Cumbria Crack

Skip-ping for joy at NSPCC donation

A skip hire company in Cumbria has donated more than three thousand pounds to the NSPCC.

Between October 1st and December 31st, Brampton skip hire donated £1 for every skip they used to the NSPCC, amounting to an amazing £3,694. Sweeney Insurance Associates kindly donated an additional £200 making the grand total £3,894.

Rick Allan, the owner of the company, decided that he wanted to fundraise for the NSPCC after seeing the latest figures on child sexual abuse in Cumbria.

He said: “I recently contacted NSPCC and asked if I could meet with them and was both appalled and astounded by what they told me happens on our doorstep in Cumbria.

“I had no idea the scale of abuse that many children in Cumbria are being subjected to and witnessing things a child should never have to see.”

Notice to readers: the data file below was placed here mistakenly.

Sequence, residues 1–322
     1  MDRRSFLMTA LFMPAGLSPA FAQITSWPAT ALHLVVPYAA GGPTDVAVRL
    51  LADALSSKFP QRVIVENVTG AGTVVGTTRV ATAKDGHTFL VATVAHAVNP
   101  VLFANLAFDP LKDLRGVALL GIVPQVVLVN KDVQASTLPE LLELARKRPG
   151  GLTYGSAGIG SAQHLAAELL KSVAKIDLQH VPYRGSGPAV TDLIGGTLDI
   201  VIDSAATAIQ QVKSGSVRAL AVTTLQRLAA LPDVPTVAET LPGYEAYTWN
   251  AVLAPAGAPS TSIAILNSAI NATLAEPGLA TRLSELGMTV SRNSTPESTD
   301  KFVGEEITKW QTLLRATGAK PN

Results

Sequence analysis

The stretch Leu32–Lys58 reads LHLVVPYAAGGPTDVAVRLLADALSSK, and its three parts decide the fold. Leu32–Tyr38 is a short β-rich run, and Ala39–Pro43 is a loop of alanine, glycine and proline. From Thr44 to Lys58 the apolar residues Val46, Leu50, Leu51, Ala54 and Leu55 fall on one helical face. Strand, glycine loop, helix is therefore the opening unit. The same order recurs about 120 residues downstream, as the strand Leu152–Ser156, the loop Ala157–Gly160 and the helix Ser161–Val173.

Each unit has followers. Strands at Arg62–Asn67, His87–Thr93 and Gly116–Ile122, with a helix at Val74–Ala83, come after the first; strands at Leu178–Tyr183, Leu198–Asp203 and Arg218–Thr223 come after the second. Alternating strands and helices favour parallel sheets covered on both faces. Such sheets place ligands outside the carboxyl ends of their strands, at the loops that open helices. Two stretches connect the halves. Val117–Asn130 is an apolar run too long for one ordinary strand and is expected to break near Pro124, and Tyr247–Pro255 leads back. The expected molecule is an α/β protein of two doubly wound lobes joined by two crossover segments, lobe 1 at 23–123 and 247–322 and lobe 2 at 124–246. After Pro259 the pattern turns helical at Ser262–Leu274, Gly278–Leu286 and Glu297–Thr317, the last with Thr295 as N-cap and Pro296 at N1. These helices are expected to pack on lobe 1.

Data obtained by the NSPCC in October 2019 revealed that the number of sexual offences against a child had peaked in the county, with 1,037 offences being recorded in 2018/19. This figure has risen by 141% since 2014/15 in Cumbria alone.

After finding out these figures, Rick chose to fundraise for the NSPCC, to help the charity support children in Cumbria.

He said: “Childhood shapes who we become – So I say let’s help these kids become great!”

Sandra Jones, Community Fundraising Manager for the NSPCC, said “We are so pleased that Brampton Skip Hire company are helping us fight for every childhood in Cumbria.

“The statistics on child abuse are appalling, but the NSPCC is determined to end child cruelty, and help children to rebuild their lives.”

With that in mind, some of the funds raised by the company will be going towards an NSPCC therapeutic programme delivered in Carlisle, called ‘Letting the Future In’. This service is delivered by trained practitioners, and helps children who have been sexually abused to rebuild their lives and develop their confidence.

Children aged 4 to 17 are invited into special play-therapy rooms, and then they do things like messy play, writing, storytelling and art to help express feelings that they can’t put into words.

The programme aims to support them to recover from the impact of the abuse and work on strengthening the important supportive relationship between the child and their carers.

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